For a long time, spectacles were the only solution for correcting visual deficiency. One alternative has been contact lenses, a method developed over many years.
Nowadays however, apart from the optical solutions, there are other possibilities to correct refractive defects such as innovative refractive surgery (LASIK, PRK, artificial lens implants, etc.).
With the LASIK, PRK, LASEK or EpiLASIK methods, thanks to laser energy, the curvature of the cornea is modified to achieve correct refraction, as in the case of a healthy eye. This is known as “surface” eye surgery because it only affects the cornea.
The implantation of artificial lenses is another surgical option performed at intraocular level, known as non-corneal refractive surgery.
LASIK (Laser-Assisted In Situ Keratomileusis) is the most commonly used method in refractive surgery. The results are predictable and the postoperative phase is quick and painless. Hospitalisation is not required, because the anaesthetic used is topical (drops) and the operation is very short.
A fine layer or flap is cut in the cornea using an instrument called a microkeratome to enable application of the treatment to the desired corneal layer, called the stroma. The flap is moved to one side and an excimer laser is applied to modify the curvature of the cornea, thereby correcting the myopia, hypermetropia or astigmatism. Finally, the flap is replaced to its original position, sticking to the cornea without the need for stitches.
The accuracy of laser treatments has been constantly improved on over the years. Today, instead of cutting the flap with a microkeratome, an instrument called a femtosecond laser is used, which offers major advantages and makes this initial step of the surgery considerably easier.
Additionally, through the use of precise diagnostic instruments it is possible to perform wavefront or optimised treatments, which can correct minor individual abnormalities and do not have an impact on sensitivity to contrast after the operation.
In some cases, such as when the number of dioptres is very high or the corneal thickness is too fine, it is not recommended to use this technique and another such as PRK, LASEK or even intraocular lens implant is used.
The arrival of Intralase or “femtosecond laser” to refractive surgery has resulted in a considerable improvement in operations of this type, as it offers greater precision when cutting the flap. This not only used in refractive surgery, but also in cataract surgery (
). The role of this laser is to cut the corneal epithelium without the need to use a microkeratome or any other manual tool, as is the case with LASIK, PRK, LASEK, etc. This makes it possible to exactly program the desired thickness, depth and diameter to obtain an optimum result that is personalised for each patient. Post-surgical risks are also minimised in this procedure.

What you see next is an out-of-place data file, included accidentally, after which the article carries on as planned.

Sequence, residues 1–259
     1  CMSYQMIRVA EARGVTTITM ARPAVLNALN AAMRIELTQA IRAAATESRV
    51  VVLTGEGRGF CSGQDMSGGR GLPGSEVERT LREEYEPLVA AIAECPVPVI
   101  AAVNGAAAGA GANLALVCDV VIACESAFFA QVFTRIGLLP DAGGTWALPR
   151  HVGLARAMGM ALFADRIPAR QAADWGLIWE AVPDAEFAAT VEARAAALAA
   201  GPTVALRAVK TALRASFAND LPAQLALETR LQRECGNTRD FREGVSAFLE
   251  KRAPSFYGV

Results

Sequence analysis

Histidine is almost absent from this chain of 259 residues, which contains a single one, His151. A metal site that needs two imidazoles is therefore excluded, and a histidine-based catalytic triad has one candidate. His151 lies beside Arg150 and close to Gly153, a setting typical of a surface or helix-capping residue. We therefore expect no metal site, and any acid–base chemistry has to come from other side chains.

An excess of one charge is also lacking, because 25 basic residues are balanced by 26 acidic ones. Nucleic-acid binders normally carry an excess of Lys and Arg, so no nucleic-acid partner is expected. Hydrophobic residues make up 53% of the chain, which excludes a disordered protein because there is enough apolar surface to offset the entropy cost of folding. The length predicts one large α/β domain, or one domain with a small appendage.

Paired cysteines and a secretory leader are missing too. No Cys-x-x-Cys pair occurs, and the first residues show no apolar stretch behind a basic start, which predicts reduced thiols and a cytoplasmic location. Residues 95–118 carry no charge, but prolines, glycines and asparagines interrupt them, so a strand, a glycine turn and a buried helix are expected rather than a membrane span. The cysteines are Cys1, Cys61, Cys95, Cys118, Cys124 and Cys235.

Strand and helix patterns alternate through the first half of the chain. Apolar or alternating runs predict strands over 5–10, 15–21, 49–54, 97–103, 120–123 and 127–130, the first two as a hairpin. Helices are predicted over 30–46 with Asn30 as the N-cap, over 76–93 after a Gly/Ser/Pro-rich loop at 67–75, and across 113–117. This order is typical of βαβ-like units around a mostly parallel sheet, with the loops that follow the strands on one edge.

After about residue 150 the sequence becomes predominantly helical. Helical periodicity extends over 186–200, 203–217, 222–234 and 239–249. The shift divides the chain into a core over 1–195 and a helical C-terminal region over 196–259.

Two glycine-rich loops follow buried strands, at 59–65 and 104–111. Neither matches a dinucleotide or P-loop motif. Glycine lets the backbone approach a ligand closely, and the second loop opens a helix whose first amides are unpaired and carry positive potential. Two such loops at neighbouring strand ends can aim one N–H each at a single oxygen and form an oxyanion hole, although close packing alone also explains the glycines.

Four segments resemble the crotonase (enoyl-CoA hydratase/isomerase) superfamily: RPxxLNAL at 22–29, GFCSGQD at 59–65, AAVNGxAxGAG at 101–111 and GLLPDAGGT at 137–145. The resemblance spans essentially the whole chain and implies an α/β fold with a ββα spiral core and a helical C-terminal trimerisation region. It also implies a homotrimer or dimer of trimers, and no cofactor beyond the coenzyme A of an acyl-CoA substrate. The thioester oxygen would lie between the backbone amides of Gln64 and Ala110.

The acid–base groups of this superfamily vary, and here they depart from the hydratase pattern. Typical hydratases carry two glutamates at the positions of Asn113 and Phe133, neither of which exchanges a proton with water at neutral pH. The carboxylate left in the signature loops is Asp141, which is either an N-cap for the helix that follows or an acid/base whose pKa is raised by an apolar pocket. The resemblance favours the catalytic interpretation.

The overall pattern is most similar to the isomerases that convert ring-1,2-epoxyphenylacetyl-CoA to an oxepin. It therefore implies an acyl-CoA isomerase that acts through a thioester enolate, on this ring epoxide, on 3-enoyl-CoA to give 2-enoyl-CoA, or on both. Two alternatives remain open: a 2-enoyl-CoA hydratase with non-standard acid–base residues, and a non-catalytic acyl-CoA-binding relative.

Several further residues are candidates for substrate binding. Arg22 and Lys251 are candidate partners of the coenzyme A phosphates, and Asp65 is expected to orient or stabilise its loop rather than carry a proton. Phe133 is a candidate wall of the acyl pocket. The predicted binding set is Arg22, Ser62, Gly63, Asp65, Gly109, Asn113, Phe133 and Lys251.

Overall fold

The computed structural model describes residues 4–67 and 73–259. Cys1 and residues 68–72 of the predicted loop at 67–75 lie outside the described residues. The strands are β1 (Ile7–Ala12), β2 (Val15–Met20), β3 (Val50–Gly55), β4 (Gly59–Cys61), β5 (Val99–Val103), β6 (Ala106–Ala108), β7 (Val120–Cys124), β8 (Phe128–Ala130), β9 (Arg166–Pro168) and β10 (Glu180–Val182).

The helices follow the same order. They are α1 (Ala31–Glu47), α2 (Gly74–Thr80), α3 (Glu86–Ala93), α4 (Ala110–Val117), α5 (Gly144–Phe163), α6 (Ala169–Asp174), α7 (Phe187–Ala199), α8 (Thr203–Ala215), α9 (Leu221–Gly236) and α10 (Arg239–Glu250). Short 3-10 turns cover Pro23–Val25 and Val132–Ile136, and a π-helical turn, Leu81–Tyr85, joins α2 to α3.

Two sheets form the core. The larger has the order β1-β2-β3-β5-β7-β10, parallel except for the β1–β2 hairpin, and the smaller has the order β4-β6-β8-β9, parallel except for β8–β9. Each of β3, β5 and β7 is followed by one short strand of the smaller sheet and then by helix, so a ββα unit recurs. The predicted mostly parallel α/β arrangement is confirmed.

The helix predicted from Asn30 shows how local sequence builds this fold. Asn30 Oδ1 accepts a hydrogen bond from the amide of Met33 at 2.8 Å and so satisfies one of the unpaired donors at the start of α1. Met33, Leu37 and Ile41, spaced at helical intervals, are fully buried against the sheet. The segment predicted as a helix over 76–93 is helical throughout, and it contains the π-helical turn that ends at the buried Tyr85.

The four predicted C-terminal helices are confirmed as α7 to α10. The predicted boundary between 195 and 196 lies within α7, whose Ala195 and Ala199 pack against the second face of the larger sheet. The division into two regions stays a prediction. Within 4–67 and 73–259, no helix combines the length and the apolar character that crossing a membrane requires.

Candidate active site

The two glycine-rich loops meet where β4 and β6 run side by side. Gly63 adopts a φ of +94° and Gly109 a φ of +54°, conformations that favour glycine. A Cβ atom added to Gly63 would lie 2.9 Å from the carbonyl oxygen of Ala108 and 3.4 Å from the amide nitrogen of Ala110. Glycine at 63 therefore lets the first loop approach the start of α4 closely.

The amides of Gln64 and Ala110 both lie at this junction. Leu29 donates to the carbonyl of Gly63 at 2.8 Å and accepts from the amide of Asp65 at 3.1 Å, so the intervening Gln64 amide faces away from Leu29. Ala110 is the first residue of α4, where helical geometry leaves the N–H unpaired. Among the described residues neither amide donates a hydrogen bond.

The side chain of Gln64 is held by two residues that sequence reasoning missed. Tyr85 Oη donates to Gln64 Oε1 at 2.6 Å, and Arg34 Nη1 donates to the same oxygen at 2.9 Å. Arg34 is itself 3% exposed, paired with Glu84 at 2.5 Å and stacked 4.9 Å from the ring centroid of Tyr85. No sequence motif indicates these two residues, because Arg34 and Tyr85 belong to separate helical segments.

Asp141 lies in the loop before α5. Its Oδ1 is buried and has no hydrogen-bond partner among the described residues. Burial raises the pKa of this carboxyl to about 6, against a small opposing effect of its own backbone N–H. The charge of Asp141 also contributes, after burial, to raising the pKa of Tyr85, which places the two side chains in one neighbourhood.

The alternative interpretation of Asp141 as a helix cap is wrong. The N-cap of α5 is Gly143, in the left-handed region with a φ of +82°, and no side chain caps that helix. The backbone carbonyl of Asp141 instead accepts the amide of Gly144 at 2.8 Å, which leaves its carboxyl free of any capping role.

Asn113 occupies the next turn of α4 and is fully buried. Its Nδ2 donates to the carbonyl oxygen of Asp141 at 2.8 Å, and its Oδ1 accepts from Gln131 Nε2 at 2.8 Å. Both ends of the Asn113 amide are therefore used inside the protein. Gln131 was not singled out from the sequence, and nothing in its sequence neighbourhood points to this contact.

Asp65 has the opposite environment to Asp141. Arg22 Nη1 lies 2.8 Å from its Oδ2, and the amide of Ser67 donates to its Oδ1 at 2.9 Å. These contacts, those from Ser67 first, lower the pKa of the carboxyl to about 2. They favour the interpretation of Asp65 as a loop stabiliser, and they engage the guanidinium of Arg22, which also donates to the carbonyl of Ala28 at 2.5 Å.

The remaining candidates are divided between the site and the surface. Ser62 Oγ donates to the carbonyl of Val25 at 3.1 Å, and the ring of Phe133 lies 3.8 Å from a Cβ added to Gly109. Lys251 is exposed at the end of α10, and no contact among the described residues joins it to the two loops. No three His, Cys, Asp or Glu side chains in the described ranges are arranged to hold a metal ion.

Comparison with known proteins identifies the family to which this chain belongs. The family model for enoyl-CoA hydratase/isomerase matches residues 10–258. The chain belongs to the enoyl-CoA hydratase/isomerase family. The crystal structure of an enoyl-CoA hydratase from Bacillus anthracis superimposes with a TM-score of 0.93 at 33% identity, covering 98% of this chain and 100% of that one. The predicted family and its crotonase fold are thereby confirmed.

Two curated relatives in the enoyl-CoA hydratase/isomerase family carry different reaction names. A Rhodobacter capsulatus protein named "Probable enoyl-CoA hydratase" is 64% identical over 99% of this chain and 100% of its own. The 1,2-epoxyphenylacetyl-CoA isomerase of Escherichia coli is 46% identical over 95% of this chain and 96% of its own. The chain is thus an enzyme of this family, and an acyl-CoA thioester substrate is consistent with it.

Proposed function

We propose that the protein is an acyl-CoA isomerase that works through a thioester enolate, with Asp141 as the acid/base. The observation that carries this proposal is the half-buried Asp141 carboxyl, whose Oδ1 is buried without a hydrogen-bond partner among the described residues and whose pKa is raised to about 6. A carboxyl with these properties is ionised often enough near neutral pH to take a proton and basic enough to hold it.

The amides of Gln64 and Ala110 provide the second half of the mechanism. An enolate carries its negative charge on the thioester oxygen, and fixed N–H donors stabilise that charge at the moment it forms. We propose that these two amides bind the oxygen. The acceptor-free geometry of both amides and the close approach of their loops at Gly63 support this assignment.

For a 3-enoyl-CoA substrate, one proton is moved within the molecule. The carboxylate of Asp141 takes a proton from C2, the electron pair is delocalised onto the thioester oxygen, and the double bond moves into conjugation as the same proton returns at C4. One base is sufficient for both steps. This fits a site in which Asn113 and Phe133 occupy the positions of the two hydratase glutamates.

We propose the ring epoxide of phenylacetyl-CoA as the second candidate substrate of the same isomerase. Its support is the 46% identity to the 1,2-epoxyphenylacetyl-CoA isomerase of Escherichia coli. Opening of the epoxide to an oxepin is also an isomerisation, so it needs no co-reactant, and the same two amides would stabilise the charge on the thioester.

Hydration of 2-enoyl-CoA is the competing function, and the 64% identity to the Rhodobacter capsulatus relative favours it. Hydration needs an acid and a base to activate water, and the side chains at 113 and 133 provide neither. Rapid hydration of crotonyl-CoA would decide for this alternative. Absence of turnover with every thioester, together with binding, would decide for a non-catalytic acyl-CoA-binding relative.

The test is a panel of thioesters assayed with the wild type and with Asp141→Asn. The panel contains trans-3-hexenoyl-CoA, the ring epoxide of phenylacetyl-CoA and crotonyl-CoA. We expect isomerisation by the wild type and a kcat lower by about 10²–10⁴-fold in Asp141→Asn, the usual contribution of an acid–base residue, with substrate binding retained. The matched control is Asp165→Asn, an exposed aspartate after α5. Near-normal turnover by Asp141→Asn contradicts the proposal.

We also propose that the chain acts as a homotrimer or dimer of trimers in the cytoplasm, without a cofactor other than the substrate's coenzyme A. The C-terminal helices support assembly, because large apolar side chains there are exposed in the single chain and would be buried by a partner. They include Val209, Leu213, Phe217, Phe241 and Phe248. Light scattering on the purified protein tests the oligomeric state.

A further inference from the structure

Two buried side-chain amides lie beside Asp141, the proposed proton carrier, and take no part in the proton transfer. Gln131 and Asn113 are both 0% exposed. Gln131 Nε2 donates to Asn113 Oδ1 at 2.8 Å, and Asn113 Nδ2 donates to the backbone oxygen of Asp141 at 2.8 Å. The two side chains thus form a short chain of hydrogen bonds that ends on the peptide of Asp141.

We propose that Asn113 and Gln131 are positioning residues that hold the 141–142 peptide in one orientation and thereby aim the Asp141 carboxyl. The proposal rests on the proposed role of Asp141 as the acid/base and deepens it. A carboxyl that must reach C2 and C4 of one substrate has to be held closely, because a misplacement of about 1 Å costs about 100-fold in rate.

In this surgery, two lasers are used. The first is a femtosecond laser, used in the first phase of the operation to lift a fine superficial corneal layer, in other words, the flap. This is where the improvement lies because it is much more precise, the cut is made with fewer irregularities than with the microkeratome and it is also possible to program the desired thickness of the flap. From this point on, the surgery is performed with the same method used in LASIK, with the laser applied and the rest of the procedure remaining the same.
PRK surgery consists of manually removing a fine epithelial layer which is then regenerated during the postoperative phase. The recovery time is longer than with other procedures but it is a very good option even today for patients with very fine corneas. The excimer laser acts on the corneal tissue in the same way as it does in other techniques, to modify its curvature. The only difference can be found in the first step. This procedure is also called “surface treatment”. After this type of surgery, the patient must wear a therapeutic contact lens for a period of time to aid healing and regeneration of the epithelial tissue. The side effects after PRK, such as dry eye, are much more infrequent than after LASIK.
In the LASEK (Laser-Assisted Sub-Epithelial Keratectomy) technique the form of excision of the epithelial layer is different to that used in PRK. In this case, the superficial epithelial layer is removed with an alcohol solution and moved to one side. The same steps as in the LASIK procedure are then performed, as the epithelial tissue is put back in place. Visual recovery is quicker than with PRK.
Epi LASIK is a variation of the LASIK procedure in its first step. Instead of using a microkeratome, an “epi-keratome” (semi-automatic blade) is used to be able to detach only the first layer of the cornea, the epithelium. Once separated, the surgeon uses the traditional laser method to mould the cornea. After this surgery, a therapeutic contact lens is inserted to aid recovery and healing. Like PRK and LASEK, this technique is ideal for fine corneas.
Other options in refractive surgery are intraocular lenses in the anterior or posterior chamber or refractive lens surgery.